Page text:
Starbucks will stop selling newspapers and a number of food items to declutter stores and remove products customers aren't buying.
The coffee chain will begin removing newspapers and kiosks for grab-and-go snacks and bags of whole-bean coffee beginning in September. The changes will take place in Starbucks' 8,600 company-owned stores in the United States.
"We are always looking at what we offer our customers in our stores and making adjustments to our portfolio based on changing customer behavior," a Starbucks spokesperson told CNN Business.
The New York Times said it was disappointed by the decision, but it believes Starbucks customers who want to read the paper will be able to find it elsewhere.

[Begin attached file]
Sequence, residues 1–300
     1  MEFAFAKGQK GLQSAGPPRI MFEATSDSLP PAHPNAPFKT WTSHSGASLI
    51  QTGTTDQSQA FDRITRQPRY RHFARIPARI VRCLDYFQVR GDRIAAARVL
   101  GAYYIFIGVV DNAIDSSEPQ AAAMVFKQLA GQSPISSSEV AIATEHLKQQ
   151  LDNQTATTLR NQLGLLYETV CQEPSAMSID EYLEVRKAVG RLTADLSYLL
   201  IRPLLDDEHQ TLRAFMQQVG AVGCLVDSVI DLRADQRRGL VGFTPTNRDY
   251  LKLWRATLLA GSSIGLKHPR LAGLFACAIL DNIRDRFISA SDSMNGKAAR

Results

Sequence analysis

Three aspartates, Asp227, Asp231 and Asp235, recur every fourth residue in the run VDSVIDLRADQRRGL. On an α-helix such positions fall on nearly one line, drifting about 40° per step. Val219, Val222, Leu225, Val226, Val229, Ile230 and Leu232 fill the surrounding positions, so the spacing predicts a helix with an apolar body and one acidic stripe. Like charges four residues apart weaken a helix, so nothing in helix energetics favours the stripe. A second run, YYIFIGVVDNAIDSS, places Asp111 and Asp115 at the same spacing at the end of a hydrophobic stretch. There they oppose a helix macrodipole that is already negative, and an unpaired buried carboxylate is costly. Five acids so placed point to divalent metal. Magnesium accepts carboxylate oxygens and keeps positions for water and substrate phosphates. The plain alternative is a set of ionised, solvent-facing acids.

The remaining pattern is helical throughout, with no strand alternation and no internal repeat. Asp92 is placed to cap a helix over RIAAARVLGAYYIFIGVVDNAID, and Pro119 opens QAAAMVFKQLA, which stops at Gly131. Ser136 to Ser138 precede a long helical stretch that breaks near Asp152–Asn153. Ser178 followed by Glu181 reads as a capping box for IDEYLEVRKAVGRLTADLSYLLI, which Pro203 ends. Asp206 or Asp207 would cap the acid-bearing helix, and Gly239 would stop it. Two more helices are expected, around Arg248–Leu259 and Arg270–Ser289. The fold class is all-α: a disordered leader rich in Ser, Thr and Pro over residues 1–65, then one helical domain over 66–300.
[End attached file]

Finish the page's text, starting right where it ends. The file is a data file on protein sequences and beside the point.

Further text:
"We're confident that given our wide retail distribution, readers will have no trouble finding The New York Times for sale at nearby outlets," the New York Times said in a statement.
Starbucks has gradually reduced selling non-core products in its stores. It announced in 2015 that it would stop selling CDs and has recently cut down on the number of merchandise for sale, such as mugs.
It announced in March that its modernizing its stores to focus on "convenience, comfort and connection." Starbucks CEO Kevin Johnson previously told CNN Business that each store should have different needs pertaining to its location.
"Every store, every community, has its own personality," Johnson said.
For example, in an area with 20 stores, Johnson said Starbucks is thinking critically about how many should have drive-thrus, how many should be designed for mobile ordering, and how many should be full cafes. The idea is to "serve the multiple needs of that community."